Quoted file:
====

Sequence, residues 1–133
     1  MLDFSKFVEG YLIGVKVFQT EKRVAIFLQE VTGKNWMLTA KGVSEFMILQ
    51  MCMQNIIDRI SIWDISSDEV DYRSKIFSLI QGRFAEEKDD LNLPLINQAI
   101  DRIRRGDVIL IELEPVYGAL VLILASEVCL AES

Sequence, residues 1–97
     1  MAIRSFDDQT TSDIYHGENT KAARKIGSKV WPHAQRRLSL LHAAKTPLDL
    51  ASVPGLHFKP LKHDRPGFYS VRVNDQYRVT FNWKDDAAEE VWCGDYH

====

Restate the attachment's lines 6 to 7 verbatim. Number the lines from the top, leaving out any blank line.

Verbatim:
     1  MAIRSFDDQT TSDIYHGENT KAARKIGSKV WPHAQRRLSL LHAAKTPLDL
    51  ASVPGLHFKP LKHDRPGFYS VRVNDQYRVT FNWKDDAAEE VWCGDYH